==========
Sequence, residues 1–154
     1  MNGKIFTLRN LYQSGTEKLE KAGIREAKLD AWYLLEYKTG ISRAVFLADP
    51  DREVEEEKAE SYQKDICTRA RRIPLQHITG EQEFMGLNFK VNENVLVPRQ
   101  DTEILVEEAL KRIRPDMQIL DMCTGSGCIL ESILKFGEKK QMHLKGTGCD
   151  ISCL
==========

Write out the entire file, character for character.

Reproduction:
Sequence, residues 1–154
     1  MNGKIFTLRN LYQSGTEKLE KAGIREAKLD AWYLLEYKTG ISRAVFLADP
    51  DREVEEEKAE SYQKDICTRA RRIPLQHITG EQEFMGLNFK VNENVLVPRQ
   101  DTEILVEEAL KRIRPDMQIL DMCTGSGCIL ESILKFGEKK QMHLKGTGCD
   151  ISCL